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Italian 5G needs good new ideas

Companies tend to invest in vertical services that would be impossibile without 5G features. And you don't need to be a Telco to provide such services.


5G promised to revolutionize Italian businesses' and citizens' digital lives but, so far, this did not happen. The market seems to lack - in Italy, but not only here - an organic vision of new mobile technologies and their main applications. Higher bandwidths and lower latencies are not enough: we need to "dress up" 5G with new products and services that would be impossible without it. So, Italian 5G seems a bit in the middle of the road. This is confirmed by the 5G & Beyond Observatory of the School of Management of Politecnico di Milano. That shows how some aspects of Italian 5G have moved foward, but others much less so.

Let's start with 5G coverage. Numbers look positive: according to analysis reported by the Observatory, 5G in Italy covers between 96 percent and 99.7 percent of the population. Italy is therefore the European country with the highest 5G coverage (the EU average is about 66 percent). Reality is much less rosy: Italy's official coverage takes into account "pure" 5G networks but also mixed networks using 4G frequency spectrum for 5G. True 5G networks' (technically, 5G NSA, Non Stand-Alone radio networks) coverage is much lower: 7.3 percent of the population at the end of 2021, probably 13-14 percent by now.

This expected to improve thanks to new investments in 5G radio network deployment and fiber-optic relaying of radio sites that are still connected by radio links. This should improve a "real 5G" deployment, increasing wireless coverage but also - a crucial and often overlooked step - bringing base stations the bandwidth they need to support evolved services. Otherwise, 5G is still a low-latency "enhanced" 4G that cannot support really massive, real-time applications.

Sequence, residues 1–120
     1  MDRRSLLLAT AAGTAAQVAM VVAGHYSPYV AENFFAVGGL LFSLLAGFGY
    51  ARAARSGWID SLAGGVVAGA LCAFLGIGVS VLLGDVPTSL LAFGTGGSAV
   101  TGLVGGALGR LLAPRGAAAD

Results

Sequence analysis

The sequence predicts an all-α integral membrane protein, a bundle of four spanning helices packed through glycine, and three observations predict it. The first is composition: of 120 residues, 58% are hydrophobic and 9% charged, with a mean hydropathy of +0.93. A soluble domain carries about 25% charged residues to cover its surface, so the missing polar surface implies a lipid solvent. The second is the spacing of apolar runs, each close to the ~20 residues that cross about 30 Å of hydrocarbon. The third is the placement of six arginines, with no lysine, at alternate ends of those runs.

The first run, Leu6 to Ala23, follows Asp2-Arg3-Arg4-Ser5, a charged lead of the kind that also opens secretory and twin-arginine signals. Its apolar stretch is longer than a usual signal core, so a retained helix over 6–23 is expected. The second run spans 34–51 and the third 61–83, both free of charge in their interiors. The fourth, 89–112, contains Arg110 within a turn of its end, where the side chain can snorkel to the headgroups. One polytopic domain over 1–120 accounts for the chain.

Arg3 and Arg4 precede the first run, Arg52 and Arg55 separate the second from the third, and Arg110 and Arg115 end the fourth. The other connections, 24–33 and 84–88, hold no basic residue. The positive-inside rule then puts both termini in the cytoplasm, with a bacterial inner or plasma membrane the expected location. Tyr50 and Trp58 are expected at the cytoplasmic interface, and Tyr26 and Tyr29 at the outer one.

Much still depends on market dynamics. "The cause of the slow development of the market in Italy," explains Giovanni Miragliotta, Scientific Director of the 5G & Beyond Observatory, "is to be found especially in the maturity of the offer ... but the difficulty in finding a well-defined value proposition that justifies the initial investment should not be overlooked either. A justification that potential user companies are looking for.

"To drive the 5G market toward the most optimistic scenario," Miragliotta continues, "a key role is played by large systemic, public or mixed public-private projects: the transition to 5G of compartments such as police forces, rail networks, utilities, and smart cities can create critical mass, standardize supply, clarify value mechanisms, and accelerate the transition from an experiment market to an applications market".

The most optimistic estimates say that 5G Italian industrial market could attract, by 2025, investments for 200 million euros. Who could get the biggest slices of this pie, it's less obvious than most think. Traditional Telcos? The logical choice. But 5G's late development is now helping new competitors who have, compared to Telcos, more freedom (they do not have legacy infrastructure to reuse or renew) and are more perceived as innovators. We're talinkg about hyperscalers and cloud providers, who understood 5G's importance and now want to get a foothold in its market.

Cloud players cloud players, as telecommunications services become cloud-style services, offer their well-known skills, develop new ones, and create their own ecosystem of partners, positioning themselves with customers as innovators. To the disadvantage of telcos, which for a long time have enjoyed the typical incumbents' advantage.

That's why we now can imagine what Luca Dozio, Director of the 5G & Beyond Observatory, defines as "An epochal change along the TLC supply chain, with cloud providers coming alongside operators", but also trying to conquer their customers, leveraging their ability in developing really innovative applications. And watch out for what might happen next. AWS, Microsoft, Google Cloud and other providers are already working on services based on next-generation global satellite connectivity, Starlink-style. Telcos risk seeing 5G already overtaken by offerings that are certainly more complex and partly futuristic, but also more integrated and innovative.

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